In 2009, the video game industry recorded revenues of $60.4 billion dollars, double that of the movie industry. One of the biggest draws to games is not the story or gameplay, it’s the competition and sense of achievement one gets when they beat their friend’s score, or a hard level. Many businesses have started applying game mechanics to non-game situations.
The term to describe this trend is gamification, but what is it, and how can businesses use it?
What is gamification?
Gamification is the application of game design techniques and mechanics to non-game applications. Foursquare and its badges is a good example of this – users check in at locations to earn points, unlock badges and compete with their friends. Do they win anything? Nothing physical, but there’s something satisfying with competing with other people to be the best.
While gamification got its start with technological related operations, it has since been integrated by businesses of all sizes. Business that have adopted elements of gamification have seen improved user engagement and ROI.
How can businesses leverage gamification?
Gamification is interesting because it can be applied in a variety of different business situations. For example, here are three such uses:
- To increase employee engagement. It can be hard at times to keep your employees engaged while they’re doing mundane tasks. One of the most common uses of gamification is deploying badges to act as a motivator to encourage employees to put effort into their job. When an employee reaches a predetermined level they are recognized for their achievement. This will go a long way in improving engagement.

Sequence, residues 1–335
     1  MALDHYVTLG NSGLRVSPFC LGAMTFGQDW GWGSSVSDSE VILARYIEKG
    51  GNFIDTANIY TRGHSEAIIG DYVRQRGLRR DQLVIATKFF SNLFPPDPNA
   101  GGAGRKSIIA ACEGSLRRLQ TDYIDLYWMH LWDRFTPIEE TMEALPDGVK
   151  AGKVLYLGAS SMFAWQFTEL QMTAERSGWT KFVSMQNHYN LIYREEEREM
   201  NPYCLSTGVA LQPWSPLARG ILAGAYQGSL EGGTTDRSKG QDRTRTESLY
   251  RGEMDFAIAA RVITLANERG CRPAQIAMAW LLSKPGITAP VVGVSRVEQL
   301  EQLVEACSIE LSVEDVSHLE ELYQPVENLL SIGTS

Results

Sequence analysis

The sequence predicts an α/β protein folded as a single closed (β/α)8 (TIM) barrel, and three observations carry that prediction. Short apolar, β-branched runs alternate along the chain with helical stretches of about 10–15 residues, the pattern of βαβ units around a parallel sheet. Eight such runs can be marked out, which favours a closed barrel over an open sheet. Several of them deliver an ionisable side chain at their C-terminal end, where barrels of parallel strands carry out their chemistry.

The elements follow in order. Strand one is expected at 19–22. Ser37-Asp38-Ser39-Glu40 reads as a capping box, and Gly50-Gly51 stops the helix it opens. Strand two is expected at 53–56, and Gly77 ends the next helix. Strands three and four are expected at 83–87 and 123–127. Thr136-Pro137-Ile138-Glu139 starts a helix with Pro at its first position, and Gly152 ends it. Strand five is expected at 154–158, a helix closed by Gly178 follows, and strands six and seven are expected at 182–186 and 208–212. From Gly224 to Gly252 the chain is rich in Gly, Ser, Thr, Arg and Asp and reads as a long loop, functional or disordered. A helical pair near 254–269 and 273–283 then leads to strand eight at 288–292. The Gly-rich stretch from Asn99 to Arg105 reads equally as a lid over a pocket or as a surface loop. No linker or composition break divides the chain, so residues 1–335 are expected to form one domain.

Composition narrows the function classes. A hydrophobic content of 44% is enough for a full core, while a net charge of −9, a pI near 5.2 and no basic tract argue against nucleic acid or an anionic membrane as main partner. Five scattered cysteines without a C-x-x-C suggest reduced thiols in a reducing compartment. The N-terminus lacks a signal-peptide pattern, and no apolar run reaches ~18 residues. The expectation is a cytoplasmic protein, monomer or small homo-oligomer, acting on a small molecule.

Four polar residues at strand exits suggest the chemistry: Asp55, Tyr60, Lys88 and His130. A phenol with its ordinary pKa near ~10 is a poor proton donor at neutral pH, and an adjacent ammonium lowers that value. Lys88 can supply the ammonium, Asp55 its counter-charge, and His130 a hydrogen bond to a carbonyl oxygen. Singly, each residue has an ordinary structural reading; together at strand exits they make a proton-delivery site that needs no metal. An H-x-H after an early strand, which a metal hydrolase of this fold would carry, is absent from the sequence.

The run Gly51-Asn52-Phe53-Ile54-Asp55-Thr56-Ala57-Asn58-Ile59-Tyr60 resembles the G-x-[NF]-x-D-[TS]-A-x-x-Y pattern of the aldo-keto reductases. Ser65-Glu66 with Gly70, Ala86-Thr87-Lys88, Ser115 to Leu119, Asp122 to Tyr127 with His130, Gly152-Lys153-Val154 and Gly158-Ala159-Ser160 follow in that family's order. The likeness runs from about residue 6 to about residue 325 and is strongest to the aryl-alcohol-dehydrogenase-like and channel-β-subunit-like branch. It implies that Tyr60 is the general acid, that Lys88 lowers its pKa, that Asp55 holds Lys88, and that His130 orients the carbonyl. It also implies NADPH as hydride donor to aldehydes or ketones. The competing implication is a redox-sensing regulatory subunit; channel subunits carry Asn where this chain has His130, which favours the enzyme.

- To create brand advocates. You can use gamification to turn your customers and fans into brand advocates. Before they start singing your praises, they need to be given a reason to do so. The best way to do this is to create a points/reward system. For actions such as purchases or reviews, customers gain points that can be spent on other services. Think of it as akin to the points system used by credit card companies.
- To generate traffic. Many SMBs are dependent on their websites for revenue but struggle to get traffic to their site. Gamification techniques can be employed to encourage people to spend more time on, and return to, your website, almost like a modern loyalty program.
There are many uses for gamification and we’ll continue to see new and innovative ways to deploy it in organizations. If you’re interested in ways you can implement aspects of gamification in your business, or would like to learn more, we are here happy to sit down with you for a chat. Please contact us.